Opioids prescribed for the right patient can be an important part of good healthcare.
Opioids do however offer significant potential for inappropriate use, morbidity and mortality when not used in the right way.
The opioid challenge
According to the latest Penington Institute figures, there were 904 unintentional overdose deaths involving opioids in Australia in 2017, and opioids are the most common element in unintentional overdose death, trebling in the last 10 years.¹ The Australian Institute of Health and Welfare estimates opioid use was responsible for 1% of the total burden of disease and injuries in Australia in 2015.²
Clearly opioids are a significant challenge for Australian governments, healthcare providers and the community.
MIGA is involved in a range of projects around ensuring appropriate opioid use, particularly through our advocacy and education.
There are recently announced changes to providing information about and supply of opioids.
New opioid information and distribution changes
The Therapeutic Goods Administration (TGA) has now announced changes to how a range of opioids are distributed in Australia, including
- Smaller pack sizes will be available for immediate-release prescription opioid products – this is of particular relevance in a range of post-operative settings
- Boxed warnings and class statements in the Product Information documents describing their potential for harmful and hazardous use – indications will reinforce that opioids should only be used when other analgesics have proven not to be effective
- Work with opioid sponsors to ensure that safety information is prominently displayed in the Consumer Medicines Information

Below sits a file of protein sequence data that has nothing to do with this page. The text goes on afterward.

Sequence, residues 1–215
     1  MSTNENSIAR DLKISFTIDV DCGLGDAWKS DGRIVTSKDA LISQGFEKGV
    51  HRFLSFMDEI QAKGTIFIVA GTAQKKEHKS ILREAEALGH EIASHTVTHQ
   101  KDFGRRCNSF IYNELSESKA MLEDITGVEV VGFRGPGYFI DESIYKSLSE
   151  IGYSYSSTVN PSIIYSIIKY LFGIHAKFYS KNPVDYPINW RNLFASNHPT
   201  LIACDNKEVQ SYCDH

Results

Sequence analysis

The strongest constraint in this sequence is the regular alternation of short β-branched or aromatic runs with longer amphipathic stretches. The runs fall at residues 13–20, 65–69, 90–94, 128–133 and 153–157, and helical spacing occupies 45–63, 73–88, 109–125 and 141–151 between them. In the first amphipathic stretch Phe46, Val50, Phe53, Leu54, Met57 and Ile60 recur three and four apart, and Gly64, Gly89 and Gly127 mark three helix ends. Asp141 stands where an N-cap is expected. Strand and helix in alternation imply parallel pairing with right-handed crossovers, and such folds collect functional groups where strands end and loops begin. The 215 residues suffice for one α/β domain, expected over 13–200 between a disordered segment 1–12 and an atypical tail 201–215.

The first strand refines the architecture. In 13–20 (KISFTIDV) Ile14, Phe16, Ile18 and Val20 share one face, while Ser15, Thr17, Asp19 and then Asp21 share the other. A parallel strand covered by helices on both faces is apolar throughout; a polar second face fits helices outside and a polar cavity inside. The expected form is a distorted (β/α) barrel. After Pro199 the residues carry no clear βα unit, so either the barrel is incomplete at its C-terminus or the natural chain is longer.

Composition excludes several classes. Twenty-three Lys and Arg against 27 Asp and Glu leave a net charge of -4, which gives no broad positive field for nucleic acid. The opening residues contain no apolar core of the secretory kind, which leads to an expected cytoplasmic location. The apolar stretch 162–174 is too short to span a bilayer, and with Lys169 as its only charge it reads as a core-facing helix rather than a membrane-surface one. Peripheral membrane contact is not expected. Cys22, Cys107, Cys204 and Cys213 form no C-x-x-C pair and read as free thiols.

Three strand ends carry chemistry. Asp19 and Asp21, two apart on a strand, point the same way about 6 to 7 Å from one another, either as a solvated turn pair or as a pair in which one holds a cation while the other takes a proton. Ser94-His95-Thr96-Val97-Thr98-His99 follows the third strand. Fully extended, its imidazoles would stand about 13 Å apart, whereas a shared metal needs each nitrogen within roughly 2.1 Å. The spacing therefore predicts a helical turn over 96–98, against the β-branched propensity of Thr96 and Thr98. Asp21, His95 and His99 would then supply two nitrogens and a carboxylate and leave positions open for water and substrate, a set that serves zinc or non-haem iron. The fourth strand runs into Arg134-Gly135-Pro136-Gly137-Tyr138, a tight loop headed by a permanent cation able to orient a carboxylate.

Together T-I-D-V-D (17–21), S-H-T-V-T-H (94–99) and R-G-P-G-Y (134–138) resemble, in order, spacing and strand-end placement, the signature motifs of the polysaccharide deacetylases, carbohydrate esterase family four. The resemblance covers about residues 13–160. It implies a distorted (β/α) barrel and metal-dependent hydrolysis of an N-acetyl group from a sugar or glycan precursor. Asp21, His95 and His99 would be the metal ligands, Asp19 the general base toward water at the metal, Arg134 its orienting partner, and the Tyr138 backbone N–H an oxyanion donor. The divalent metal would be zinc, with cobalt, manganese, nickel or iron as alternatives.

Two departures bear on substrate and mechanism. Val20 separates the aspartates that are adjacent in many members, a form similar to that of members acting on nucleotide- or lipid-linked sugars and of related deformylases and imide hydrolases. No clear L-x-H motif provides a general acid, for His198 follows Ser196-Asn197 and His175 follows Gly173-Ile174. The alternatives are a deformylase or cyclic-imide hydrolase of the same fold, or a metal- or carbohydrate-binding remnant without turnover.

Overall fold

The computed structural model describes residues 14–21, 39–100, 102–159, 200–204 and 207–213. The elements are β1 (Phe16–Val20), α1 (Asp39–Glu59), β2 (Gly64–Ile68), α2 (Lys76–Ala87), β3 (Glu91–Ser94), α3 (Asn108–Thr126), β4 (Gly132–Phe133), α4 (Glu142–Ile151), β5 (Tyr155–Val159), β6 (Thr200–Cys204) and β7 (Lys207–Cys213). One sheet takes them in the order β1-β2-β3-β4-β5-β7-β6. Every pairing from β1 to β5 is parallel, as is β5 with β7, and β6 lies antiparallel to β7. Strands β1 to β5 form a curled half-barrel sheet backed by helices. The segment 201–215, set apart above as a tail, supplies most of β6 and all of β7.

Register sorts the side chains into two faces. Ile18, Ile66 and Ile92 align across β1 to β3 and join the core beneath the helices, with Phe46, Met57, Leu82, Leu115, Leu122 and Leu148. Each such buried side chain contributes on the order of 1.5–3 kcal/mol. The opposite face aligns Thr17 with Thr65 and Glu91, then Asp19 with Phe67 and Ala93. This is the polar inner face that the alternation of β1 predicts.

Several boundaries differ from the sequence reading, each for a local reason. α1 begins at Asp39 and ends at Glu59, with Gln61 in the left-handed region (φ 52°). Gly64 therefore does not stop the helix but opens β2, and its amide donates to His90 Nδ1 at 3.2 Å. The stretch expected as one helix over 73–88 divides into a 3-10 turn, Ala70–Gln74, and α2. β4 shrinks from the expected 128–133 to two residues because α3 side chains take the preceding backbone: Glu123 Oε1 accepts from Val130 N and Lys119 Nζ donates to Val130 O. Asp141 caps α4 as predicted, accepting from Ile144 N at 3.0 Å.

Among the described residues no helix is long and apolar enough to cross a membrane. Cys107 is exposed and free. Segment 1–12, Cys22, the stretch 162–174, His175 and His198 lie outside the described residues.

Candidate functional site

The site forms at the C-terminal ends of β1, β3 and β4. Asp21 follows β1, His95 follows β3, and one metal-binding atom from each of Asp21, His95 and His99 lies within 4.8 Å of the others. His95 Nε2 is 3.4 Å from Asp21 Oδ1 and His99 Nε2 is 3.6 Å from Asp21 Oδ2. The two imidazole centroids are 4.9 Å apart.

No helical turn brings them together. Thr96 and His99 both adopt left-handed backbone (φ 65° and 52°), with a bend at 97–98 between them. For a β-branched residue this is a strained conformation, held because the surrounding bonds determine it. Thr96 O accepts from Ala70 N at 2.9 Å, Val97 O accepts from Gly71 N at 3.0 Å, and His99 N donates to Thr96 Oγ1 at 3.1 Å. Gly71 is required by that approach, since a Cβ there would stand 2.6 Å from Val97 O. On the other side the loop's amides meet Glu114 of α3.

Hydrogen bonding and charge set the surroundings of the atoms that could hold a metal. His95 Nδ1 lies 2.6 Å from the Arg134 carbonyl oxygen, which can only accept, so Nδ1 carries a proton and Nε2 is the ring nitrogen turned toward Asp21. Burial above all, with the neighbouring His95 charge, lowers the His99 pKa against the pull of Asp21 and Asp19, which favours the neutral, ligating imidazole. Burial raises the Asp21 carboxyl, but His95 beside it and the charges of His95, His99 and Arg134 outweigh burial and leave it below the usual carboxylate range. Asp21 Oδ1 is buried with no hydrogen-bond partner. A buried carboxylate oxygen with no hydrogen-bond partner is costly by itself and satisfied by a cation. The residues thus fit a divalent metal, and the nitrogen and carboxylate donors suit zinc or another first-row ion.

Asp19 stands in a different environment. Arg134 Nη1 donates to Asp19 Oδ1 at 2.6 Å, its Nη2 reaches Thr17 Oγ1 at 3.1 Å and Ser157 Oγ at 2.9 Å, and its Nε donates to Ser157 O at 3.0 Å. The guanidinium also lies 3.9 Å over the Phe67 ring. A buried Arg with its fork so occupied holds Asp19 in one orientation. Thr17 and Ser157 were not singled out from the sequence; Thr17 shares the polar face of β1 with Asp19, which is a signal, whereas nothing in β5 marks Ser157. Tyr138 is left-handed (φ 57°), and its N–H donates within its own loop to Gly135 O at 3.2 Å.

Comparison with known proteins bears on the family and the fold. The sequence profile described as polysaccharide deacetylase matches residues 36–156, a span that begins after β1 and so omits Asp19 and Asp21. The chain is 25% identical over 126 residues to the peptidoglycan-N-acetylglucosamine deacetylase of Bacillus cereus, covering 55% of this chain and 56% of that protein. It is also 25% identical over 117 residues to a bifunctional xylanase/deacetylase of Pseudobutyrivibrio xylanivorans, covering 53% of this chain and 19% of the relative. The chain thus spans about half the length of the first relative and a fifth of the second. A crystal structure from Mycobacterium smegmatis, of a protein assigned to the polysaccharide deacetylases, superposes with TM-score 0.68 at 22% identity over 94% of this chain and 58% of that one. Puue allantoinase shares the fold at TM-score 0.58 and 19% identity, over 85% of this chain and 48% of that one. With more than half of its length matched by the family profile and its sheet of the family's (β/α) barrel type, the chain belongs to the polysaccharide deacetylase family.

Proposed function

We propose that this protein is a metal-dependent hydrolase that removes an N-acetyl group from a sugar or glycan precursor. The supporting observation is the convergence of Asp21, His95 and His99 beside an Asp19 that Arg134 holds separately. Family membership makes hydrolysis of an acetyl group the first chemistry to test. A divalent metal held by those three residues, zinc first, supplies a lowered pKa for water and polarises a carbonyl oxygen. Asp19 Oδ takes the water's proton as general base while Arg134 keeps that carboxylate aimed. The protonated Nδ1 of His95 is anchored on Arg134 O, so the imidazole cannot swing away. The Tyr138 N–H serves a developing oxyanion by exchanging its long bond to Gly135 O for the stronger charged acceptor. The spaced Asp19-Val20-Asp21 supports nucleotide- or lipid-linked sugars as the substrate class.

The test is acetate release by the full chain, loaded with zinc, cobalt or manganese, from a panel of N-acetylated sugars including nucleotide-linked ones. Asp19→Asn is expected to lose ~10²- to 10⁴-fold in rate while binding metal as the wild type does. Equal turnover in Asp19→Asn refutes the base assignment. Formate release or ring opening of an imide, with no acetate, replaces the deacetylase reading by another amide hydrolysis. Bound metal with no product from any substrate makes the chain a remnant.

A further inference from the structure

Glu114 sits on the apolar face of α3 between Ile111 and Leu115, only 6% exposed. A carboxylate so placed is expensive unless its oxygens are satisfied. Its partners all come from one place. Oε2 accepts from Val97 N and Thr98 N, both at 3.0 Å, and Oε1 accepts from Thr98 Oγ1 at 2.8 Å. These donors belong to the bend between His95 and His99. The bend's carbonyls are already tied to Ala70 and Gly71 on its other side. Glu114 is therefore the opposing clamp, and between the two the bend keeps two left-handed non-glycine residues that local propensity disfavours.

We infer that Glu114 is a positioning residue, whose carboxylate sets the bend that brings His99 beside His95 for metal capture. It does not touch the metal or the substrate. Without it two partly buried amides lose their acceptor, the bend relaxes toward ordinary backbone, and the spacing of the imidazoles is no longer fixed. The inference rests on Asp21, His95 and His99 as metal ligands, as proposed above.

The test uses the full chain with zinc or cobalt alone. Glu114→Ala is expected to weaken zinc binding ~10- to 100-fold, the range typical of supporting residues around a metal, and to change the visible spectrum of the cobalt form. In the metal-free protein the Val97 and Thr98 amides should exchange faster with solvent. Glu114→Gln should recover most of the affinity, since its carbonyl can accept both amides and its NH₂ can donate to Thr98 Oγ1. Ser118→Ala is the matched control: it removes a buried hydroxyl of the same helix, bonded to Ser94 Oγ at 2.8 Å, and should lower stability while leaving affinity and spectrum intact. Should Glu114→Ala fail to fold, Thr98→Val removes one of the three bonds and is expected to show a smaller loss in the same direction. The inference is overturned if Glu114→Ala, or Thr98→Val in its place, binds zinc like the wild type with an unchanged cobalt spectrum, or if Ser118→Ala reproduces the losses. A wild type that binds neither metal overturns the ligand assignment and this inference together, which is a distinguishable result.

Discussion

- Updating indications for fentanyl patches to indicate they should only be prescribed to treat pain in cancer, palliative care and exceptional circumstances.³
These changes follow consultation which MIGA was involved in, and MIGA has been working with the TGA to understand and explain what these changes mean. Importantly they are sensible and practical initiatives that MIGA supported in consultation, preferable to greater restrictions on prescribing and access, which may unintentionally limit appropriate opioid use.
Opioids – the work continues…
More broadly, MIGA’s ongoing advocacy efforts include
- Involvement in discussions on various real-time prescribing proposals and implementation
- Engagement with the Commonwealth Department of Health on various Medicare initiatives and proposals, such as ‘behavioural economics’ letters and data matching, which can impact on opioid prescription and use
- Advocating for continued support of the National Prescribing Service MedicineWise initiatives, including Choosing Wisely.
MIGA has recently developed online education modules on both opioid prescribing and medication prescribing more generally. MIGA members can access this through MIGA’s online Risk Management Education – https//reo.miga.com.au, or by emailing email@example.com